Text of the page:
Nursery leads tribute to tragic Benjamin
JUST like any other little boy — happy, lively and a joy to have around.Those were the words used today to describe Felixstowe three-year-old Benjamin Davey, the youngster killed by a falling tree felled by gale-force winds.
JUST like any other little boy — happy, lively and a joy to have around.
Those were the words used today to describe Felixstowe three-year-old Benjamin Davey, the youngster killed by a falling tree felled by gale-force winds.
As the tribute was paid, flowers were placed on the edge of the woodland where the much-loved child died in the freak accident in Sunday's storm.
The community in Felixstowe is still coming to terms with the tragedy.
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The Grove – where little Benjamin was struck by the tree as he was wheeled in his pushchair by his mum – has been sealed off to the public "to allow for the clearance of fallen timber".
But council officials have still not released a statement promised yesterday and have not answered the question why the wood was not closed during the storm when so many other parks and open spaces across the county were shut.
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Benjamin, who lived with him mum and dad in Looe Road, Old Felixstowe, attended the Squirrell Nutkin's nursery and Montessori school in nearby High Road East.
Owner Debi Squirrell said the school had closed for the day yesterday as a mark of respect for Benjamin and would be closing early today.
The youngster, who was three in July, had been attending for two years and had just moved up to the Montessori school.
"He was very proud of himself now that he had moved into the school – he kept calling himself a big boy now," said Debi.
"He was a lovely little boy. He was happy and lively, great fun to have around, and everyone loved him.
"We have seen him grow and develop during the time he has been with us and he really seemed to love his time here. It is such a tragic loss, a terrible waste.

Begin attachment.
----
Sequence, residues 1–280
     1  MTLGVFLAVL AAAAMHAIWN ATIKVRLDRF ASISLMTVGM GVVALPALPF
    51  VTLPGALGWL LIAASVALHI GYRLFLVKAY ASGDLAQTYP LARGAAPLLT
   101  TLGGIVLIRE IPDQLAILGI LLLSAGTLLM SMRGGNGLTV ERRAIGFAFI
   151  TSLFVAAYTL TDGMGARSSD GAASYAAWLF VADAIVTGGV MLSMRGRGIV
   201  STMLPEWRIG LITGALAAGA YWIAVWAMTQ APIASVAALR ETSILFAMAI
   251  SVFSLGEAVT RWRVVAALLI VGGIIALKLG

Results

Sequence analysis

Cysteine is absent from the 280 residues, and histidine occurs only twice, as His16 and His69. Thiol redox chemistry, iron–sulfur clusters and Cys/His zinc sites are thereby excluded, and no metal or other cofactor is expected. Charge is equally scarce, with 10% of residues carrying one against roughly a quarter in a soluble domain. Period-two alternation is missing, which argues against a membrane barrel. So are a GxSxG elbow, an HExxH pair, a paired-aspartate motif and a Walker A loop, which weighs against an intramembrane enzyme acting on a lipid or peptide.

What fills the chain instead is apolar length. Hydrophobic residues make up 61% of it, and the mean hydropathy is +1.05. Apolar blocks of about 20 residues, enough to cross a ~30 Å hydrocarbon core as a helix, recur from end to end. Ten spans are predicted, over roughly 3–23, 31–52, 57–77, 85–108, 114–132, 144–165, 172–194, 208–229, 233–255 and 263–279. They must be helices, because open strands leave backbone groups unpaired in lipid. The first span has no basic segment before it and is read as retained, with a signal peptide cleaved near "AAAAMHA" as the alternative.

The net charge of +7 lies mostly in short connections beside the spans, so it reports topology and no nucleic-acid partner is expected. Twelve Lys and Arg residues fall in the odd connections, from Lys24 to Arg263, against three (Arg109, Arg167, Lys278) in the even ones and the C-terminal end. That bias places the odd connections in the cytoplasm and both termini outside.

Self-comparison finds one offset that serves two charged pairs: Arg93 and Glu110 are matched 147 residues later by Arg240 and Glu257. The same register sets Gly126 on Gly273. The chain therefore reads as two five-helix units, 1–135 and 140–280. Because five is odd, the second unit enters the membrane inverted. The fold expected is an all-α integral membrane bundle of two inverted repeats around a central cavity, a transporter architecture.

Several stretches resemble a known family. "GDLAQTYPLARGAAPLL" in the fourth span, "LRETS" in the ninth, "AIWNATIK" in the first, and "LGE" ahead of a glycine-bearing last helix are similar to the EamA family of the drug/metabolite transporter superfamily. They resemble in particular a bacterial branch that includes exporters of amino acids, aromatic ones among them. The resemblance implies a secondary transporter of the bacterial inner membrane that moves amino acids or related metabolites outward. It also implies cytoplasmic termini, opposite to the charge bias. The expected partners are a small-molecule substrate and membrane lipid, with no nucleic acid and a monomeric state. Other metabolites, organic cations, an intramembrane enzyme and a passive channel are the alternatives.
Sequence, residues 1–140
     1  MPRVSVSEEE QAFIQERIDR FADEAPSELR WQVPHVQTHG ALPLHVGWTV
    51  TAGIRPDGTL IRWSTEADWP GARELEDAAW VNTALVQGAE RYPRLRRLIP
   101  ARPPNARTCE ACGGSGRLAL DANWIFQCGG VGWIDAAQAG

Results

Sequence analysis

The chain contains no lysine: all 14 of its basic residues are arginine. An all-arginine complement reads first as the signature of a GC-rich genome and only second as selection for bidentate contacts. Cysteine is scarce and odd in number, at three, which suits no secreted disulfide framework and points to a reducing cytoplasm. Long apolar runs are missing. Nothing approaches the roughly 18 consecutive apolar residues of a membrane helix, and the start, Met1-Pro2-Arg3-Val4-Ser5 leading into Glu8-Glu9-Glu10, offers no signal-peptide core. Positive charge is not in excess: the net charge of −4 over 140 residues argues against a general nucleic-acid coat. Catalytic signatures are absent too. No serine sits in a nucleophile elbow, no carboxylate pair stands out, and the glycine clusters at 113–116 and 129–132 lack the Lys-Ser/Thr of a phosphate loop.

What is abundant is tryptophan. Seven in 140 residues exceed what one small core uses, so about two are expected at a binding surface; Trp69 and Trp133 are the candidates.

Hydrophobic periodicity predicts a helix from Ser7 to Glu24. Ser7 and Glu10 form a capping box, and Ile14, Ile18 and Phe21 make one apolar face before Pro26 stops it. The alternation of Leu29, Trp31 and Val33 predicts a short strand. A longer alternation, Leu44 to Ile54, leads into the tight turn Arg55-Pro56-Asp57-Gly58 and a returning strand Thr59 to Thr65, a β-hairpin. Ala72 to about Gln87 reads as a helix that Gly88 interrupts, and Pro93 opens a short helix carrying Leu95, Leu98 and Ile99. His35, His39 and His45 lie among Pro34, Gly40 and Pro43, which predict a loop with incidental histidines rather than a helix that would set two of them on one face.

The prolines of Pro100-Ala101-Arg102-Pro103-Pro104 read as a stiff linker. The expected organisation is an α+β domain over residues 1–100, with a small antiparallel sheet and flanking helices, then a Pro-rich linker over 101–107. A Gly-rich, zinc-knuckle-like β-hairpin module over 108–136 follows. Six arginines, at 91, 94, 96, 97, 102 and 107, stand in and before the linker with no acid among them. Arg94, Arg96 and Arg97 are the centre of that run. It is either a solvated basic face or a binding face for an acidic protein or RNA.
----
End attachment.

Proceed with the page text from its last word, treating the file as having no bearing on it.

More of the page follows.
"Everyone here is deeply upset and our thoughts are with the family. I have spoken to his father and written to the family.
"All his dad could say was that they feel so numb and cannot really believe it has happened. I cannot imagine what they are going through."
The school is considering a memorial tribute to Benjamin but will discuss this with the family later. Staff have not told the children about the accident but are leaving parents to decide how to tell them.
A single bunch of carnations was placed outside the main entrance today at The Grove, bearing the message, "Benjamin, with love, Max will miss you, xxx."
The entrances to the 15-acre wood have been sealed off with red and white tape.
Benjamin and his mother were walking through the wood when a dead tree came crashing down across a path onto the pushchair.
She could do nothing to get out of the way because of the speed and suddenness with which the tree was felled by the winds, gusting up to 80mph.
But she is understood not to have panicked. She quickly unstrapped him from his pushchair and managed to free him from beneath the branches, injuring her hand as she did so.
She put him in their car and drove to Felixstowe General Hospital. A doctor and two nurses immediately attended Benjamin, who is understood to have suffered dreadful head injuries, but could not resuscitate him.